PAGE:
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Secondhand smoke exposure and asthma outcomes among African-American and Latino children with asthma
  1. Andreas M Neophytou1,
  2. Sam S Oh2,
  3. Marquitta J White2,
  4. Angel C Y Mak2,
  5. Donglei Hu2,
  6. Scott Huntsman2,
  7. Celeste Eng2,
  8. Denise Serebrisky3,
  9. Luisa N Borrell4,
  10. Harold J Farber5,
  11. Kelley Meade6,
  12. Adam Davis6,
  13. Pedro C Avila7,
  14. Shannon M Thyne8,
  15. William Rodríguez-Cintrón9,
  16. José R Rodríguez-Santana10,
  17. Rajesh Kumar11,12,
  18. Emerita Brigino-Buenaventura13,
  19. Saunak Sen14,
  20. Michael A Lenoir15,
  21. L Keoki Williams16,17,
  22. Neal L Benowitz2,
  23. John R Balmes1,2,
  24. Ellen A Eisen1,
  25. Esteban G Burchard2
  1. 1 Division of Environmental Health Sciences, School of Public Health, University of California, Berkeley, Berkeley, California, USA
  2. 2 Department of Medicine, University of California, San Francisco, San Francisco, California, USA
  3. 3 Pediatric Pulmonary Division, Jacobi Medical Center, Bronx, New York, USA
  4. 4 Department of Epidemiology and Biostatistics, Graduate School of Public Health and Health Policy, City University of New York, New York City, New York, USA
  5. 5 Department of Pediatrics, Baylor College of Medicine, Texas Children’s Hospital, Houston, Texas, USA
  6. 6 Department of Pediatrics, Children’s Hospital and Research Center, Oakland, California, USA
  7. 7 Feinberg School of Medicine, Northwestern University, Chicago, Illinois, USA
  8. 8 Department of Pediatrics, David Geffen School of Medicine, University of California, Los Angeles, Los Angeles, California, USA
  9. 9 Veterans Caribbean Health Care System, San Juan, Puerto Rico
  10. 10 Centro de Neumología Pediátrica, San Juan, Puerto Rico
  11. 11 Division of Allergy and Immunology, Feinberg School of Medicine, Northwestern University, Chicago, Illinois, USA
  12. 12 Ann & Robert H Lurie Children’s Hospital of Chicago, Chicago, Illinois, USA
  13. 13 Department of Allergy and Immunology, Kaiser Permanente-Vallejo Medical Center, Vallejo, California, USA
  14. 14 Department of Preventive Medicine, University of Tennessee Health Science Center, Memphis, Tennessee, USA
  15. 15 Bay Area Pediatrics, Oakland, California, USA
  16. 16 Department of Internal Medicine, Henry Ford Health System, Detroit, Michigan, USA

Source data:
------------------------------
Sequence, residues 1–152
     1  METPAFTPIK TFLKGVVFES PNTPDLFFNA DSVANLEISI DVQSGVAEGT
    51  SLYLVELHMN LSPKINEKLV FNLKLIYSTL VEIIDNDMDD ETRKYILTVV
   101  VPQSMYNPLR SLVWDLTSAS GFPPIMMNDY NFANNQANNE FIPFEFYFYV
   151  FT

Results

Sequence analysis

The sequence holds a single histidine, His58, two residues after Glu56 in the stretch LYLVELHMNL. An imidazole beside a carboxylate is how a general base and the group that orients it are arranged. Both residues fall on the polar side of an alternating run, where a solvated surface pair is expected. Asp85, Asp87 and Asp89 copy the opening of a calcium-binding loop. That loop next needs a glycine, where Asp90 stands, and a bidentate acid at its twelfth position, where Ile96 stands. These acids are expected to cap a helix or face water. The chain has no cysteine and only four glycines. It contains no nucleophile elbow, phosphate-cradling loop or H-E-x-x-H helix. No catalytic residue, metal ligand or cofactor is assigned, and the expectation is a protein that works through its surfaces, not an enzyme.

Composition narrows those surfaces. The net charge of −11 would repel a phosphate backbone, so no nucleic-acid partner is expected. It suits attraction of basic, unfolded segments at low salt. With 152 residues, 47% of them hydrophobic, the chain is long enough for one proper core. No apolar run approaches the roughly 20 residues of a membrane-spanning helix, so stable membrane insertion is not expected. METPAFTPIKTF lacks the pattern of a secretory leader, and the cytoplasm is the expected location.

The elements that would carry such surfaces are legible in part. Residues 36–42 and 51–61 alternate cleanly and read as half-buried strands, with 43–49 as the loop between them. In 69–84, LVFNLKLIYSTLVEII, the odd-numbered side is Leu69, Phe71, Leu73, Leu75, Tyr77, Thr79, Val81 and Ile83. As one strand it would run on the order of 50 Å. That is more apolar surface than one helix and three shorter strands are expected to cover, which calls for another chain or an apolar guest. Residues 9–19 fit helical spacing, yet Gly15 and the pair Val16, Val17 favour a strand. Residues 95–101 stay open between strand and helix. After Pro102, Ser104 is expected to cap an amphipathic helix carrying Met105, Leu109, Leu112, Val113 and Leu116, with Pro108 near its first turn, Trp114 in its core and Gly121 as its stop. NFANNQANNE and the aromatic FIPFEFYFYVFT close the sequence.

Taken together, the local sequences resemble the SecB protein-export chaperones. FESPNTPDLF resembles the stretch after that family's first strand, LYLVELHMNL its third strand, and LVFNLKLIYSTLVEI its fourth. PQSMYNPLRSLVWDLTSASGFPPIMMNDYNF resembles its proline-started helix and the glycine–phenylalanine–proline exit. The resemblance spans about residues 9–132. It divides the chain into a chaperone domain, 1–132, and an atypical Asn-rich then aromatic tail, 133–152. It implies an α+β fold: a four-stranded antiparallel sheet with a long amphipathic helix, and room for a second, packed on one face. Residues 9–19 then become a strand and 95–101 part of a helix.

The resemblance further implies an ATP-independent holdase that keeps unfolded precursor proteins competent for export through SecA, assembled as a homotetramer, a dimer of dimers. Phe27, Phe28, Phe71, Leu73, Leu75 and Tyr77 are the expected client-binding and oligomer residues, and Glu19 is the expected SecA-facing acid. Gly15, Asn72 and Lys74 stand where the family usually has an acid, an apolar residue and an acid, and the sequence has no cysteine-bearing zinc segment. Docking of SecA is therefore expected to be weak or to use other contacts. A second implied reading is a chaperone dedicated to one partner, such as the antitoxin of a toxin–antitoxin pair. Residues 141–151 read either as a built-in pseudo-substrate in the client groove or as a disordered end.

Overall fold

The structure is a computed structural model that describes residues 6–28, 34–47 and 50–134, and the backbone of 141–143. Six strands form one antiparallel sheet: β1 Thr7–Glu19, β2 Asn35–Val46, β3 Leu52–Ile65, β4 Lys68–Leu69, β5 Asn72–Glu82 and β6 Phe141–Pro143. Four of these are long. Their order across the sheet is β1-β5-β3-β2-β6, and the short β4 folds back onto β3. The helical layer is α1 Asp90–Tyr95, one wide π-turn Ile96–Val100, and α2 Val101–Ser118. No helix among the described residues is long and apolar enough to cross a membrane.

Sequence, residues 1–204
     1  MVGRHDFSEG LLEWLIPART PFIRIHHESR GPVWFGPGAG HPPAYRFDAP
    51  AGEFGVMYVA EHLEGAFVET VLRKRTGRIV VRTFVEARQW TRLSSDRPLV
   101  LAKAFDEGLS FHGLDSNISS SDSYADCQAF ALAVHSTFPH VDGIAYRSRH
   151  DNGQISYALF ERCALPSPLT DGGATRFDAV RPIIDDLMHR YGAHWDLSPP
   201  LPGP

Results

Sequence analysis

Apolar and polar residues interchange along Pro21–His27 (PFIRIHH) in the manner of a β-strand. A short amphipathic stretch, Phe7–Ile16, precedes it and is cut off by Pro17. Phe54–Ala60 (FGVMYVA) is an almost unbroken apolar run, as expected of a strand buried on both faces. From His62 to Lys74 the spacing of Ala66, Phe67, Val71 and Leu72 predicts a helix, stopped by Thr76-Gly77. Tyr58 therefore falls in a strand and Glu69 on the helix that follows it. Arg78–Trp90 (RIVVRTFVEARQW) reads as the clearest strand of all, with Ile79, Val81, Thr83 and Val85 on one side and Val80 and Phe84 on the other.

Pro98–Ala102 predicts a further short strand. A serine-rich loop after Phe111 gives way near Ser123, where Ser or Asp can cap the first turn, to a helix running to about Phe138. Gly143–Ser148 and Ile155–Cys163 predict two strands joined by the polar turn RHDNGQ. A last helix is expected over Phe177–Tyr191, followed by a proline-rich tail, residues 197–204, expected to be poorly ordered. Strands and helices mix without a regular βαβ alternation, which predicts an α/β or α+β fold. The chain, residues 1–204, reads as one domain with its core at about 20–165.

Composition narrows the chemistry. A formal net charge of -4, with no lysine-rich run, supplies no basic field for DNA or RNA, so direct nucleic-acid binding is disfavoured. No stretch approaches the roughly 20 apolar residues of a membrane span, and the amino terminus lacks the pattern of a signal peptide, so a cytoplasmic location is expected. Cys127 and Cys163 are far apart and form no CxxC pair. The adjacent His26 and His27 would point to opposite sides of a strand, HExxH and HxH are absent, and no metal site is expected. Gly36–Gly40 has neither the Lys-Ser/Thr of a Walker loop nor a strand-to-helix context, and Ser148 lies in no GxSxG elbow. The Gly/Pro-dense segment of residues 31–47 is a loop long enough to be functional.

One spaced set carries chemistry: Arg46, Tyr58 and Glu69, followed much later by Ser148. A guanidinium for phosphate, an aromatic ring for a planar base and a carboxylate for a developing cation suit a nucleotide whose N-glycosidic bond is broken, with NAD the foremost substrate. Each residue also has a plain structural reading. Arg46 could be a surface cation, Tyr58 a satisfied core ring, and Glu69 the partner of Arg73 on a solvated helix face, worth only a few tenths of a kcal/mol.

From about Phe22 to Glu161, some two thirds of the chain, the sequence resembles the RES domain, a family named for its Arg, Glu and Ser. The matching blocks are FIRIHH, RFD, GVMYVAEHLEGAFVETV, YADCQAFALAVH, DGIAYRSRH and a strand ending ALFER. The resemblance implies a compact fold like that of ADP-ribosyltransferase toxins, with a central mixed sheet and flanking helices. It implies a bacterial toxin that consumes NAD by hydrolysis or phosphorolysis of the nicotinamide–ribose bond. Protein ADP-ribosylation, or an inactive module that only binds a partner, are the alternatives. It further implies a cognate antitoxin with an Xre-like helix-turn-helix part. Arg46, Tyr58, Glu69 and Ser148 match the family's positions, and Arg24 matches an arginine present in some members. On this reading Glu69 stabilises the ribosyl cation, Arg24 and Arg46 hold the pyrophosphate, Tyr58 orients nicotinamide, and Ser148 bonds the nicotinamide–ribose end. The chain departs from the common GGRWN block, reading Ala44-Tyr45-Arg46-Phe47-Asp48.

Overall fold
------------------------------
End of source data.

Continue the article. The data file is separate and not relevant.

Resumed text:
17. 17 Center for Health Policy and Health Services Research, Henry Ford Health System, Detroit, Michigan, USA
  1. Correspondence to Dr Andreas M Neophytou, Division of Environmental Health Sciences, School of Public Health, University of California, Berkeley, Berkeley, CA 94720, USA; aneophytou{at}


Background Secondhand smoke (SHS) exposures have been linked to asthma-related outcomes but quantitative dose–responses using biomarkers of exposure have not been widely reported.

Objectives Assess dose–response relationships between plasma cotinine-determined SHS exposure and asthma outcomes in minority children, a vulnerable population exposed to higher levels of SHS and under-represented in the literature.

Methods We performed analyses in 1172 Latino and African-American children with asthma from the mainland USA and Puerto Rico. We used logistic regression to assess relationships of cotinine levels ≥0.05 ng/mL with asthma exacerbations (defined as asthma-related hospitalisations, emergency room visits or oral steroid prescription) in the previous year and asthma control. The shape of dose–response relationships was assessed using a continuous exposure variable in generalised additive logistic models with penalised splines.

Results The OR for experiencing asthma exacerbations in the previous year for cotinine levels ≥0.05 ng/mL, compared with <0.05 ng/mL, was 1.40 (95% CI 1.03 to 1.89), while the OR for poor asthma control was 1.53 (95% CI 1.12 to 2.13). Analyses for dose–response relationships indicated increasing odds of asthma outcomes related with increasing exposure, even at cotinine levels associated with light SHS exposures.

Conclusions Exposure to SHS was associated with higher odds of asthma exacerbations and having poorly controlled asthma with an increasing dose–response even at low levels of exposure. Our results support the conclusion that there are no safe levels of SHS exposures.

  • asthma epidemiology
  • tobacco and the lung
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  • Contributors AMN was responsible for data analyses and manuscript preparation with input from SSO, MW, AM, NLB, JRB, EAE and EGB. DH and SH performed statistical analyses. CE, DS, LNB, EBB, HJF, KM, AD, PCA, SMT, WRC, JRRS, SS, MAL, LKW, RK and EGB participated in the design and coordination of the initial study. All coauthors contributed to interpretation of results, and provided revisions and approval of the final manuscript.

  • Funding This study was supported in part by the Sandler Family Foundation, the American Asthma Foundation, the RWJF Amos Medical Faculty Development Program, Harry Wm and Diana V Hind Distinguished Professor in Pharmaceutical Sciences II, the Tobacco-Related Disease Research Program under Award No 24RT-0025, a grant by the Flight Attendants Medical Research Institute (FAMRI), and the following institutes of the National Institutes of Health: National Heart Lung and Blood Institute (NHLBI) 1R01HL117004, R01Hl128439, R01HL135156, 1X01HL134589, R01HL118267; National Institute of Environmental Health Sciences (NIEHS) R01ES015794, R21ES24844, K99ES027511; the National Institute on Minority Health and Health Disparities (NIMHD) 1P60MD006902, U54MD009523, 1R01MD010443; and National Institute of Allergy and Infectious Diseases (NIAID) R01AI079139.

  • Competing interests None declared.

  • Patient consent Not required.

  • Ethics approval University of California, San Francisco.

  • Provenance and peer review Not commissioned; externally peer reviewed.

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